Every year for the last century, Dallas Mavericks fans have been trading, retiring, or benching Dirk Nowitzki. The first happened a lot back when the Mavs seemed destined never to win a championship – 'let him get his chance' was the thinking. The second has happened a lot over the last few years as he’s looked old and slow. The third has happened after the START of the last few seasons, where it seems like a reasonable way to keep him fresh and use what he has left.

I’ve always sort of admired what the Lakers did with Kobe. People said the Lakers had no business paying him a zillion dollars and playing him huge minutes when they should be tanking, but the reality was he wasn’t hurting the tanking and the fans still wanted to see him. Everyone forgets – you don’t really need to worry about your cap space in the first few years of a rebuilding effort. No guy deserving a max salary wants to play for a bad team, and no NBA contract is long enough that it’s not possible to get rid of it by the time you need to. Big expiring contracts are good, not bad, for building for the future.

It is, of course, sad in a way to see Dirk so diminished, I’m sure for him as much as for us. And they are, finally playing him slightly fewer minutes. He’s down about seven per game from two years ago, taking five fewer shots a game, to boot. But did you know that he’s actually playing…well?

The start of the season was pretty rough for The Greatest Maverick, as anyone who was paying attention knows. In their first four games, for example, he went 13 for 43, which is not a very good number. Since his defense has steadily gotten worse, and his rebounding is at best mediocre, that’s a big problem. If you can’t plug him in for some offense, he can’t really even help other guys get decent shots.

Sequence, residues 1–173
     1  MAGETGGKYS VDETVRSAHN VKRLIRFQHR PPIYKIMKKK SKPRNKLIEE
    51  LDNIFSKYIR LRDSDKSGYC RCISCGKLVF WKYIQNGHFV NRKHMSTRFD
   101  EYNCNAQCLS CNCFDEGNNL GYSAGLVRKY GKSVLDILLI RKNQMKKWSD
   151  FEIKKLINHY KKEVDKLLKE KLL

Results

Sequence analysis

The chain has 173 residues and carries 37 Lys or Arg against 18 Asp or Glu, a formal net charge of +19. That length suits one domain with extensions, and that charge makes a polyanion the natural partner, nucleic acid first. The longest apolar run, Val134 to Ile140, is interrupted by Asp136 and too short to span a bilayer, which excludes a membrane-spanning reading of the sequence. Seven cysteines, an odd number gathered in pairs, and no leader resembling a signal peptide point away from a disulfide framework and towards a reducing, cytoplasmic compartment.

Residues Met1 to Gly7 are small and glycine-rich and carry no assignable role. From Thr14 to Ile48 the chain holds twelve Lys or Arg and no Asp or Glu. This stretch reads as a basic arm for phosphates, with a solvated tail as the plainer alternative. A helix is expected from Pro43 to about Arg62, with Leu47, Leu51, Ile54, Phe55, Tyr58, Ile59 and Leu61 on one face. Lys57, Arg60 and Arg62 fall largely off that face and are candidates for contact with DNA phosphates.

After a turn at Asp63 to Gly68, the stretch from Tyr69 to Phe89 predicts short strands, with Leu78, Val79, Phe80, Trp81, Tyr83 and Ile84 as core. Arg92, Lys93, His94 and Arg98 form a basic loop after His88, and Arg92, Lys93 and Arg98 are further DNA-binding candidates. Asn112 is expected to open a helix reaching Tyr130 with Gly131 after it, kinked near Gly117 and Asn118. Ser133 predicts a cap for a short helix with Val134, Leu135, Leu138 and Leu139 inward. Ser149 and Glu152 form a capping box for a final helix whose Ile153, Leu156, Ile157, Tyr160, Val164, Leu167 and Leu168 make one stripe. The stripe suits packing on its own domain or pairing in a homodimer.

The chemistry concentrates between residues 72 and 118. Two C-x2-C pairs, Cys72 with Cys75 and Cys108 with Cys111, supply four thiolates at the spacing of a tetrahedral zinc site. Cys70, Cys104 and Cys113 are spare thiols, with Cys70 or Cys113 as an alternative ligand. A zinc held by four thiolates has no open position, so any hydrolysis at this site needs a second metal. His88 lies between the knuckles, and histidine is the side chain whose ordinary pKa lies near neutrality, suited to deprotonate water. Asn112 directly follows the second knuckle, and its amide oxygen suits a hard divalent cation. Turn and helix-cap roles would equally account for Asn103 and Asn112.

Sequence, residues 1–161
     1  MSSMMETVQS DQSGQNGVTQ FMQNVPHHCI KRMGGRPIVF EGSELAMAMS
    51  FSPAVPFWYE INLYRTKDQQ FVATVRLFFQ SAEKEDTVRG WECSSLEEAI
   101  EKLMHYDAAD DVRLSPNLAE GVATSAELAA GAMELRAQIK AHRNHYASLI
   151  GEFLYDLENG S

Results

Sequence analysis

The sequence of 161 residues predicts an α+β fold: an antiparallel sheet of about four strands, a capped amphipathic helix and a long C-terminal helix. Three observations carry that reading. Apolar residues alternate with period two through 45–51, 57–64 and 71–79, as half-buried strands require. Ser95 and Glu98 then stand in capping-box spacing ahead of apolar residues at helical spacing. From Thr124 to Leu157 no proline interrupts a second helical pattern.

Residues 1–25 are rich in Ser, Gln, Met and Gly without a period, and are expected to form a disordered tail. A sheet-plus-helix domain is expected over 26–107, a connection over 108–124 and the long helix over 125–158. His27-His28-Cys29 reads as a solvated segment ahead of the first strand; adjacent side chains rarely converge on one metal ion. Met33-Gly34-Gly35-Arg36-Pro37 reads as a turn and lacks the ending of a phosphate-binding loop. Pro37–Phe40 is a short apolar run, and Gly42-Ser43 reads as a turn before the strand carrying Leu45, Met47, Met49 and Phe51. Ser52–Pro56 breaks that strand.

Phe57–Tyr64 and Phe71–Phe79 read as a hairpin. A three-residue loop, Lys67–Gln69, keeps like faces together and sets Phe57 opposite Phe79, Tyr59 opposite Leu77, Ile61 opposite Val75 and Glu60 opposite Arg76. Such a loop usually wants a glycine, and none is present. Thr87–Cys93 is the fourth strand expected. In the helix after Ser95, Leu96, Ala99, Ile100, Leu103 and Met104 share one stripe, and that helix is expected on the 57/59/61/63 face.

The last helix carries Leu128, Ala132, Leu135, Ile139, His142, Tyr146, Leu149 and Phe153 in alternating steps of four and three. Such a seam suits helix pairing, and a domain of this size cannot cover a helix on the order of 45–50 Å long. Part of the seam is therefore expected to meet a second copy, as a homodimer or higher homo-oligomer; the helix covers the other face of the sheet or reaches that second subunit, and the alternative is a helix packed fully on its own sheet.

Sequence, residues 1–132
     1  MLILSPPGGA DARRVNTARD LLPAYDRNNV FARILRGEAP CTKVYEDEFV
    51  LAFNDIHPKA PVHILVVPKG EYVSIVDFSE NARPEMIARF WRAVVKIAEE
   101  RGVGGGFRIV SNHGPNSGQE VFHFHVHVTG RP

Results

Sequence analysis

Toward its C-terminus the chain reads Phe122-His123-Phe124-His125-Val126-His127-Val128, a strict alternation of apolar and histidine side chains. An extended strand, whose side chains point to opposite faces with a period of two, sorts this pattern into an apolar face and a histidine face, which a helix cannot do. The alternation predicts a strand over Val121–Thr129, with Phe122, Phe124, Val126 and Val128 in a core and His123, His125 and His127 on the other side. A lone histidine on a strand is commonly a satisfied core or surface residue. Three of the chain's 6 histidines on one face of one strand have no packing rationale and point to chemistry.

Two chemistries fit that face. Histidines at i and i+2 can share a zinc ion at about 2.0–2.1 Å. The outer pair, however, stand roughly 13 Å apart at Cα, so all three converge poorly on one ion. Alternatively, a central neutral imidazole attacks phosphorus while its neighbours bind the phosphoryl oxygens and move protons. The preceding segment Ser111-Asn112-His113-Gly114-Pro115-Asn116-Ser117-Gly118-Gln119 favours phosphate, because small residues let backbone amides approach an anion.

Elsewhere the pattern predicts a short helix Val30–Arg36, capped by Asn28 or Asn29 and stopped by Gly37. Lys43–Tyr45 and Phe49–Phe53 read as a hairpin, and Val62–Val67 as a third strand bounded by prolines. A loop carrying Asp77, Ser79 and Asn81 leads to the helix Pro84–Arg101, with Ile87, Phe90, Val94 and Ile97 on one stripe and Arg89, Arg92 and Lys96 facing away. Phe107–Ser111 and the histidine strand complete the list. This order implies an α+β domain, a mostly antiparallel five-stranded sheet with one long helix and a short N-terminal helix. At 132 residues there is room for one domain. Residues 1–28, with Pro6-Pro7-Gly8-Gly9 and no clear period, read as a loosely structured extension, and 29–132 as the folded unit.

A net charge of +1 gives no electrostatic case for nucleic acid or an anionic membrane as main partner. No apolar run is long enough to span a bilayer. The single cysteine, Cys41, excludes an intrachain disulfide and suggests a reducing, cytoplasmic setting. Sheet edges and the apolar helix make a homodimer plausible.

But it turns out, at 39, that Dirk’s jump shot still has plenty of life in it. Do you know what he’s shooting in November, when he's played 24 minutes a game? I bet you don’t. 49.2% from the floor. He’s shooting 35% from three, and a 100% from the free throw line. 11 points a game is a far cry, of course, from previous years, but with that kind of efficiency it can be a really big help.

In fact, Dirk has shot well all season. His 45.5% shooting from the floor would be his highest mark since 2015 and his 38.9% from the arc his highest since 2014, and since things are so far trending up that’s pretty good news. His effective field goal percentage, a more advanced combination of the various shooting stats, is 52.5%, higher than his career average, and better than all but two of his last ten years.

We don’t need to go overboard – anything you do when you’re not the focal point of defenses, or carrying the bulk of the scoring load is not as impressive as what you do when you are. But there are lots and lots of teams out there who could still use a guy shooting as well as Dirk has, and there’s no reason to think he can’t keep going strong through his 40th birthday – and even, perhaps, beyond.